Experiment, Research, Art

JRC screenshotJournal for Research Cultures
Experiment, Research, Art
Translated transcript of the Jahreskonferenz der Dramaturgischen Gesellschaft
by Hans-Jörg Rheinberger

https://researchcultures.com/issues/1/experiment-research-art.html

“What the art historian has to say about the artist should also be applied – cum grano salis – to the scientist, who is searching for the “novel”. The scientist, who researches, “works on in the dark, guided only by the tunnels and the shafts of earlier work, following the vain and hoping for a bonanza”. (Kubler 1982) The historian of science, Thomas Kuhn,   once described it like this: the research process is “a process driven from behind” (Kuhn 1992) and not definable through anticipations, through a Telos – a goal – which is known beforehand and which is directly pursuable. In other words, the sciences are not moving towards something, rather they are moving away from something.”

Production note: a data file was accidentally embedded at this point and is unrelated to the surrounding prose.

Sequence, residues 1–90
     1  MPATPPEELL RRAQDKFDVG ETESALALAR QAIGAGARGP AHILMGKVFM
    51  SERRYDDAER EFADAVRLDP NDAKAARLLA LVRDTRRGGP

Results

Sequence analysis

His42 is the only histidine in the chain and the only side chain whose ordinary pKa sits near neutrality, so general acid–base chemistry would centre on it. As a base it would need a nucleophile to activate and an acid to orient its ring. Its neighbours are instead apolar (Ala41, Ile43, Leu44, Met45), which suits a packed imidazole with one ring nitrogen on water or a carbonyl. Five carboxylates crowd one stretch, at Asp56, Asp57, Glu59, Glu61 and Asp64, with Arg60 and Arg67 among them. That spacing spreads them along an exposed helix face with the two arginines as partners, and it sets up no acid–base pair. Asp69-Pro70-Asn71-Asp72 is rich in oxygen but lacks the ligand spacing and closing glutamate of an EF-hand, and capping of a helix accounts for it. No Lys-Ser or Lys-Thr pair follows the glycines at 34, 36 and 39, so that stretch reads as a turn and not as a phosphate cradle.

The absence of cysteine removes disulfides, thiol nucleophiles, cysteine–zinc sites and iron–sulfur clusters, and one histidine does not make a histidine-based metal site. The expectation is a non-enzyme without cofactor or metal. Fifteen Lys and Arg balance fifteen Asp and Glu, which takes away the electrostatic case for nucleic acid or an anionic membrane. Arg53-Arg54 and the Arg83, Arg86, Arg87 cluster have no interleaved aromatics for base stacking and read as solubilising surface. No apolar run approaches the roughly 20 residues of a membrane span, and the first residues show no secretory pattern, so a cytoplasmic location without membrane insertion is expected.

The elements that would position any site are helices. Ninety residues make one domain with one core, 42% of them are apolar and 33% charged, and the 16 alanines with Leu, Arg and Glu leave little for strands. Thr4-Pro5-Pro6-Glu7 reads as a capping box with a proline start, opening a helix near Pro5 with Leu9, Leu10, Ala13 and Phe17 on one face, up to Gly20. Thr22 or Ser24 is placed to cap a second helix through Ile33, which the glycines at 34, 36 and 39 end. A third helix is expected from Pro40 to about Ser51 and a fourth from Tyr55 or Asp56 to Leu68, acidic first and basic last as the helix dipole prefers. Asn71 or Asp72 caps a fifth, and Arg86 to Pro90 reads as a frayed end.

“I wanted to direct your attention onto the space where knowledge is being created, no matter if epistemically or aesthetically connotated, in contrast to its social negotiation, its public declaration and its local and global distribution. Here one can, I think, look for structural correspondences between the sciences and the arts. I, however, do not belong to those who measure various cultural practices by the same yardstick, but I’m convinced that in an attentive scrutiny of the forms in which the respective materials are dealt with productively, that a study of the material convolutions and involvements of scientists and artists can lead to fundamental similarities in relation to the creation of artistic effects and the creation of knowledge effects. Both scientist and artist go after the unanticipatable and both know they can’t just miraculously pull it out of their heads. This notwithstanding they don’t have to fall into one. The fact that the sciences and the arts have historically created at least meta-stable, separated areas has to be acknowledged, even if this separation hasn’t existed at all times and all places, and even if it doesn’t have to stay this way forever. It could however very well be that this separation is a secondary effect, a collateral damage so to speak, of the respective stabilisation on the level of social negotiation, communication and distribution, and less indebted to the conditions of creating epistemic and artistic values. What we can do is to map out a discursive territory where it is possible that scientists and artists can mutually look at their hands, paying less attention to what they say but much more on what they do when they practice their craft.”

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